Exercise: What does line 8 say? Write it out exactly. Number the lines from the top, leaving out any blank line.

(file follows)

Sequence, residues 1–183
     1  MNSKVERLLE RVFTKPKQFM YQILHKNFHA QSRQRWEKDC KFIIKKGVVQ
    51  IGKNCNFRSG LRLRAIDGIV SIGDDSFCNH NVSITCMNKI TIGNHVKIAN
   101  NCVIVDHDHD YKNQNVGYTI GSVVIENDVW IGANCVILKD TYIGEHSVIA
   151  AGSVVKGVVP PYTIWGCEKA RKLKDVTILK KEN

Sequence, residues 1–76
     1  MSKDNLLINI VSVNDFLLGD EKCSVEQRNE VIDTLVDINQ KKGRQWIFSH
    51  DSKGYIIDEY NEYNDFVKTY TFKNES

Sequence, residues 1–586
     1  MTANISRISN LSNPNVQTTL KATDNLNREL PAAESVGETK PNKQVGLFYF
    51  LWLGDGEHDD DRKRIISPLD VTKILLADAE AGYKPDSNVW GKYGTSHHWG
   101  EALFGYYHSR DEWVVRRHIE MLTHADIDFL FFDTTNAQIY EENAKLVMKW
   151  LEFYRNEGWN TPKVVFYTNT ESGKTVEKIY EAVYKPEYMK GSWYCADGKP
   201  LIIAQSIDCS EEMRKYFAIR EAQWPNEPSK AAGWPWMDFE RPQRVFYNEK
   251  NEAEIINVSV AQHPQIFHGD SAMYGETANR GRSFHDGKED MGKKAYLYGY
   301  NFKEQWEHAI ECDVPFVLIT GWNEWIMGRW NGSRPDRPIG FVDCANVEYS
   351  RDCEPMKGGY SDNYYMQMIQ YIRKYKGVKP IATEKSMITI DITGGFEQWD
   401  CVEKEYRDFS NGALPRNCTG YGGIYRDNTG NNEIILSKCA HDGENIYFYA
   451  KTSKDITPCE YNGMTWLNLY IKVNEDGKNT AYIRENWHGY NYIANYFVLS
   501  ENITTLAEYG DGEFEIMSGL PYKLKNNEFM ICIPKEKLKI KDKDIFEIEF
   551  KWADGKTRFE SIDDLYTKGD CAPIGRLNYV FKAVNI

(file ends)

    51  DSKGYIIDEY NEYNDFVKTY TFKNES